Leverage: Working Towards Freedom From Day One
Archimedes, the famous Greek mathematician, purportedly said Give me a place to stand, and I'll move the whole world with a lever At this point in the history of the world, we're all of course pretty familiar with the concept of the lever, which is a simple mechanical device that allows a smaller amount of force to move a greater mass than it ought to be able to move, because it multiplies its power by using a pivot point. We use levers every day: the brakes on your car, a pair of pliers, a knife or screw driver to remove a lid, etc. We understand the mechanical advantage which allows us to work less and gain the same results – and we love this concept so much that we do in instinctively often. But did you know that levers are applicable to facets of our lives beyond the merely mechanical? Well we can – although you probably don't. But if you did, you might not have to ever work again. Curious?
1) Leverage and Time
Time leverage is something that we experience every day, but often we're on the end of the stick which is helping someone else leverage their time. We call it work. See, when you're waiting tables, or writing code, or selling cars for a dealer, or teaching your section of 4th graders math, you're sharing the load with others in order to get a large task accomplished. You're filling a position which, were it left to one person to do, would be nearly impossible.
Most often we try to make use of time leverage by multi-tasking, but as is often said: nobody can do two jobs at the same time well. Case in point: Texting while driving. We try to multi-task, and we do neither job perfectly well – it takes 10 times longer to text for most people, but significantly worse than that is the impairment to your driving ability while taking 4 minutes to text back. (Lesson: Don't text and drive. Ever.)
There are ways, however, to make use of time leverage and free up your own time. Some cost money (paying someone to do something for you), or require skill (starting a business and then hiring others to do certain tasks, which is really just a more complex version of paying someone to do something for you, above). But these are how the majority of people leverage their time, and then step away from a 40 hour work week.
Of course, it's possible to get away from the I'm paying you scenario when you have a team working together, be it playing a sport or performing in an orchestra. In these scenarios, people come together because they want to, because there is some intrinsic value in the action itself.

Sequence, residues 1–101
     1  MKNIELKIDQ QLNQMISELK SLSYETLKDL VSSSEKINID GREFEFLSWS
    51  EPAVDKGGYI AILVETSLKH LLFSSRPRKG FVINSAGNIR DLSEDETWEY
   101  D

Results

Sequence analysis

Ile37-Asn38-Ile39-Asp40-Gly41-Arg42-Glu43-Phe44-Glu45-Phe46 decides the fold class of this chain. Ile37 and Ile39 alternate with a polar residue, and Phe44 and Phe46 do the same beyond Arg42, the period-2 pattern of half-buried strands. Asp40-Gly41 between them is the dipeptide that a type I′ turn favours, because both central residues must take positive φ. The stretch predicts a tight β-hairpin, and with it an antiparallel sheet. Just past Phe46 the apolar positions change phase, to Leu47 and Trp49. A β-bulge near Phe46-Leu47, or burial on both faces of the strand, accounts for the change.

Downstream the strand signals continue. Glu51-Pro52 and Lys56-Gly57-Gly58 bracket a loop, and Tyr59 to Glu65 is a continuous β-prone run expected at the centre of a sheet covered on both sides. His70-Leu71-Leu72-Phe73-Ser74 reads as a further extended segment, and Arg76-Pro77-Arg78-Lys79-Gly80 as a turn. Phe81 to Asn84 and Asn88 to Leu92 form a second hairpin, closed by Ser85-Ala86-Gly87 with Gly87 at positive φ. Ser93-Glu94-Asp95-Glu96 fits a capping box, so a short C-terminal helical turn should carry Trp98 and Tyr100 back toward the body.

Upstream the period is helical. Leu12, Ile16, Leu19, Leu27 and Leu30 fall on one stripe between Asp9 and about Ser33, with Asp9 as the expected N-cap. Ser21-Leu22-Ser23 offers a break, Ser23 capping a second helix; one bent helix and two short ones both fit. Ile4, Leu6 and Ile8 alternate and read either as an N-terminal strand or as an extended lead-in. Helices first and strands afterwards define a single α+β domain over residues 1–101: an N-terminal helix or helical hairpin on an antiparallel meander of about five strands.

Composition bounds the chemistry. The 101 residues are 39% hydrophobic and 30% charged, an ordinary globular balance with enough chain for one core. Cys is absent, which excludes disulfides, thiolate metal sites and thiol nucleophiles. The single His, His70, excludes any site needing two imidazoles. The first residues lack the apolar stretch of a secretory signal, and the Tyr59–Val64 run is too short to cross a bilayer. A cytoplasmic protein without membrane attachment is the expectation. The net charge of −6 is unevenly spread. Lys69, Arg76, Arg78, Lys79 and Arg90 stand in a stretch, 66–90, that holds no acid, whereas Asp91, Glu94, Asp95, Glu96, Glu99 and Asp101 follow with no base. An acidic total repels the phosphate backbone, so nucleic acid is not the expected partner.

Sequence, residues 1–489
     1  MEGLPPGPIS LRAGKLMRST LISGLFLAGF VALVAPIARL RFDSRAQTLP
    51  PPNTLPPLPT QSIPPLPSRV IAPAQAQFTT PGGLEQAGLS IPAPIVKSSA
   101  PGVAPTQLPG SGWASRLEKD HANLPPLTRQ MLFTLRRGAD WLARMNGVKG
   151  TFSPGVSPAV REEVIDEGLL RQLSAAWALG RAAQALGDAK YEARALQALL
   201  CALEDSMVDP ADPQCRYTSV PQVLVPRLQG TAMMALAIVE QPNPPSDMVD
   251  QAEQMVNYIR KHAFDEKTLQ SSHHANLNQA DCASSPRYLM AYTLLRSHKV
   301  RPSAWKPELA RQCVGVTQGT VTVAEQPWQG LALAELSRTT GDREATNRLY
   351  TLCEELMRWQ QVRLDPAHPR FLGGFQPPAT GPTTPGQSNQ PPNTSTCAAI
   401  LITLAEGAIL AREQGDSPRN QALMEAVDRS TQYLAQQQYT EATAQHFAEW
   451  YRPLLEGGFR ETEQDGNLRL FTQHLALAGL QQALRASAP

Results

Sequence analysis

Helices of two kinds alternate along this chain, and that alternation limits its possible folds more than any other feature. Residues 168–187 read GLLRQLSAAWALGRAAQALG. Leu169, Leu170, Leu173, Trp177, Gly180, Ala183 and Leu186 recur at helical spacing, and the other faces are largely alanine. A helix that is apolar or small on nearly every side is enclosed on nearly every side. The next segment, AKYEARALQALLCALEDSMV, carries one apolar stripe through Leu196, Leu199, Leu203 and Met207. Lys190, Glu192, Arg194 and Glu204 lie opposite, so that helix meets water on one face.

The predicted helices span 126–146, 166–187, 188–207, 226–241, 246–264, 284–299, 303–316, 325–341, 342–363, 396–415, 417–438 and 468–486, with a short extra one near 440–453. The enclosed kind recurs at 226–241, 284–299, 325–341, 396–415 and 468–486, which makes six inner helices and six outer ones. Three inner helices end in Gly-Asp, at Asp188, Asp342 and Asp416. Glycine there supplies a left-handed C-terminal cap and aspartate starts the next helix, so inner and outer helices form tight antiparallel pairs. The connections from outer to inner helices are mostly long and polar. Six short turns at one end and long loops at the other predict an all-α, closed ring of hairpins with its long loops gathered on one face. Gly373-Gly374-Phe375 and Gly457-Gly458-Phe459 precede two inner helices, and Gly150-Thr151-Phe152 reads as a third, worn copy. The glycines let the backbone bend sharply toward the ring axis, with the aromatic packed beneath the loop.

2) Leverage and Money
Many people attempt to leverage their money to win back for them some of their time spent working, either by allowing them to cut back on their work presently, or else by allowing them to retire at the end of their working days. Some invest in interest bearing accounts, 401Ks, mutual funds, etc., hoping that these will slowly grow their money without them having to do anything. And in principle this works well. Consider a low-returning compound interest on $1,000,000 dollars which is startlingly a small amount of money in today's economy. Yet, if you could get just 5% interest on that $1 million, you could probably live pretty happy just on the interest, which would be about $50,000/year (and of course, each year you didn't touch it, that extra $50,000 would also be drawing interest, compounding your earnings significantly). But of course, getting to a million dollars in the first place is the hard part, right? Heck, Steve Martin built an entire joke around the concept of earning a million dollars tax-free. Step one? Get a million dollars. Yet do not despair. There are other ways of attaining similar sums of money (though taxable).
Leveraged Time and Money
I'm often astounded that most people simply assume that there is a direct correlation between time worked and money earned. You work X hours, you get paid Y dollars, and that's as far as it goes. This is an employee mentality – and that's fine insofar as it goes, because we need employees in this world But did you know that you can leverage your time and your money now to ensure that you don't have to work in the future? If you really believed this were true, what would stop you?
There is a unique business model which can help you leverage your money and time in building a business structure of like-minded individuals. And there are lots of pseudo-versions of this which are merely pyramid schemes. Discerning the difference is important, but if you succeed, you may never have to work any particular job that you don't want to – and that's power. NOTE: I didn't say you'd never work again (in fact, to me that seems horrible; to work is part of the whole human dignity package. BUT, you can start working on the things that interest you, rather than collating TPS reports.and that's a big deal.